Rob Price
Gutbrain Records
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2018 October 03 • Wednesday

Deception, manipulation, distraction, misdirection and outright lying have been around longer than humans have and are never going away. Now that so many people in so many places are virtually connected via ubiquitous electronic devices, the number of opportunities for being fooled, swindled or just plain robbed has increased exponentially.

And there are still plenty of real world pitfalls to avoid, whether they manifest themselves to you as a shell game, a pigeon drop, a jam auction, change raising or some other such scheme.

If those phrases are new to you, I recommend R. Paul Wilson's book The Art of the Con, which is where I learend about them. It's an entertaining and educational guide to various grifts and confidence rackets, most still around today, some offered up for their historical interest and with some special attention paid to how they can flourish in the digital age.

One point that Wilson makes over and over is that he hopes to provide protection to the reader in the form of information. By reading about all these various cons and scams, many of which Wilson pulled off himself for his various series on BBC television—he always gave the money back to the "mark" and explained what happened and why—readers can get an idea of how easy it is to be fooled, how entire phony environments (the "con bubble") can be created to steal money from strangers.

Which is another point. Most con games are like being mugged, just without the violence. But Wilson mentions that if you recognize the con being pulled on you, it's a mistake to try to outsmart the grifters. If you think they're going to be chastened once you reveal that you're smarter than them and you were onto their trick from the start, they might just pull a gun or a knife or beat you up to take your money.

A common criticism Wilson says he faced is that his book is basically an instruction manual for how to cheat people. Certainly he does show how these things work, but he does it for the victims, not the predators. He asserts, and it seems like reasonable enough to me, that con artists already know how to do all this stuff. He learned it from them! Your only defense is knowledge, having a sense of the structure and psychology of these things, so when something doesn't feel right, you'll play it safe. You'll remember that when something seems too good to be true, then it probably is.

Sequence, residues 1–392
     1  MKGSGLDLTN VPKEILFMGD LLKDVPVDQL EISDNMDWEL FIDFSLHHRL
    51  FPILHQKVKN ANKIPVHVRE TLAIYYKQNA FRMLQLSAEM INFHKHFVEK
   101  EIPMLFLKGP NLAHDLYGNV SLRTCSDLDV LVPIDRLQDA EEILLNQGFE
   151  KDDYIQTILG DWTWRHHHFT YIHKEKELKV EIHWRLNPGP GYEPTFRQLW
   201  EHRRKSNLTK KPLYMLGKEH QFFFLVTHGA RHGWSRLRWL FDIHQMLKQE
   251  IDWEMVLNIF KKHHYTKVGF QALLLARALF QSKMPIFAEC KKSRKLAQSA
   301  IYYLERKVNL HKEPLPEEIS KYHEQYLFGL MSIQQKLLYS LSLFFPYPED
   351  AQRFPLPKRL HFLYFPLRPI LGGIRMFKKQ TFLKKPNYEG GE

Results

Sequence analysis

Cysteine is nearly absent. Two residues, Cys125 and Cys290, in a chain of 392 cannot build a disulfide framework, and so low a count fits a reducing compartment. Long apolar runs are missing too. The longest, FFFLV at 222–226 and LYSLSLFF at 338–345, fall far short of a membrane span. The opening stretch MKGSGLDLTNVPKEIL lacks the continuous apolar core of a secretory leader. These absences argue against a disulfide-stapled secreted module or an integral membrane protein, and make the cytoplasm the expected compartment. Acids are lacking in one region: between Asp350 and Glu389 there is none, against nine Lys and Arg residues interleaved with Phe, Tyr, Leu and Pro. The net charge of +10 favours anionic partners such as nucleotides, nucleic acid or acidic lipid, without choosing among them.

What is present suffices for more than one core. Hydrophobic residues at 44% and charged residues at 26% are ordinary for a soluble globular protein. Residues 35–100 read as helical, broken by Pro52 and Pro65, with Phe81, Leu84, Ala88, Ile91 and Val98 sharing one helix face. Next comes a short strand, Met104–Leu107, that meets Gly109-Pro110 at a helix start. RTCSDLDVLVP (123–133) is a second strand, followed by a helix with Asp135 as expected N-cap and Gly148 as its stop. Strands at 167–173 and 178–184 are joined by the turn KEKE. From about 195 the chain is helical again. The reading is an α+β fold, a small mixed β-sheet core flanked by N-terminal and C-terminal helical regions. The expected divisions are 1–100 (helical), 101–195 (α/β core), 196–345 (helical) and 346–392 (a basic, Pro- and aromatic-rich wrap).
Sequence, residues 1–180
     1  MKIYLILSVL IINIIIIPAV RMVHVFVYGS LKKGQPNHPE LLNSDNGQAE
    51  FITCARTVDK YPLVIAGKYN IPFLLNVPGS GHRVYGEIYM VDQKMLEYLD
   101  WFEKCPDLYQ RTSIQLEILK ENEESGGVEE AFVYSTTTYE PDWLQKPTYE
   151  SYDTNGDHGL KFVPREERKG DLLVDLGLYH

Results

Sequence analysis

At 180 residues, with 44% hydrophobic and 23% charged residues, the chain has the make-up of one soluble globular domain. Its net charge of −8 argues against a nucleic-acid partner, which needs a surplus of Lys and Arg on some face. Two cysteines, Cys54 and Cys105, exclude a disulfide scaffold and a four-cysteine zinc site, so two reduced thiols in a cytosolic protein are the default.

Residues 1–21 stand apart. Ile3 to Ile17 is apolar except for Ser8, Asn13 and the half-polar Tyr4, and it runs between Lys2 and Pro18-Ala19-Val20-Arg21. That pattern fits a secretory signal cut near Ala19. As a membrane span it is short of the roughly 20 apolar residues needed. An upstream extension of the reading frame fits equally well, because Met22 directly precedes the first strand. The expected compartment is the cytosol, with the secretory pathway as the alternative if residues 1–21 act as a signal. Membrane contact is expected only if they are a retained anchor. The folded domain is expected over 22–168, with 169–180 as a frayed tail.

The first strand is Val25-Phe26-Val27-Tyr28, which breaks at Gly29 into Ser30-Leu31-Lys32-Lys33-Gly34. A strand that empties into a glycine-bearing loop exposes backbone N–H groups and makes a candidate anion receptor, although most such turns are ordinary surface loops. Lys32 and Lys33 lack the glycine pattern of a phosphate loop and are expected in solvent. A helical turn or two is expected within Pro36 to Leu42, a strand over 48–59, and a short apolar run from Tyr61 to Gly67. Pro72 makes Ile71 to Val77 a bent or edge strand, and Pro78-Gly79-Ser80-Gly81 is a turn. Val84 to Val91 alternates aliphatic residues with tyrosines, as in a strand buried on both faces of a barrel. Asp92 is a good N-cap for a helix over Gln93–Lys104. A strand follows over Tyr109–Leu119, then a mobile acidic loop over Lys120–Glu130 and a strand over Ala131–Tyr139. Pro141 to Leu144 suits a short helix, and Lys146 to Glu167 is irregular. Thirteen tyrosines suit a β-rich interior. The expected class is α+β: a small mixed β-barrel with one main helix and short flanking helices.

And it is fascinating and entertaining reading. One con had a few people set up their own counter and cash register in a large department store and take any customers who would pay cash for whatever they wanted to buy. A few hours in a busy holiday season would make them thousands of dollars and they can just walk away.

Another simple and easy one: pretend to be a parking valet when you're not.

As enjoyable as this book was, I'd recommend it even if it weren't so fun and compelling. No defense is perfect, no security is impregnable, but you can adjust the odds to be more in your favor just by having a sense of what to look out for. You don't have to be paranoid, but just assume that the easy money isn't easy and remember that there are people who will lie to you so they can cheat you and those people have absolutely no problem with that.